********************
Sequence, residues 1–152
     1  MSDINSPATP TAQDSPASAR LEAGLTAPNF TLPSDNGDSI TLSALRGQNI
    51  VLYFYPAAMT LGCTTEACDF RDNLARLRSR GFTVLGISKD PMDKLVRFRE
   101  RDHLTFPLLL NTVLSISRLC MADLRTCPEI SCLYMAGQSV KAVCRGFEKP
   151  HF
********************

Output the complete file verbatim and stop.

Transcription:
Sequence, residues 1–152
     1  MSDINSPATP TAQDSPASAR LEAGLTAPNF TLPSDNGDSI TLSALRGQNI
    51  VLYFYPAAMT LGCTTEACDF RDNLARLRSR GFTVLGISKD PMDKLVRFRE
   101  RDHLTFPLLL NTVLSISRLC MADLRTCPEI SCLYMAGQSV KAVCRGFEKP
   151  HF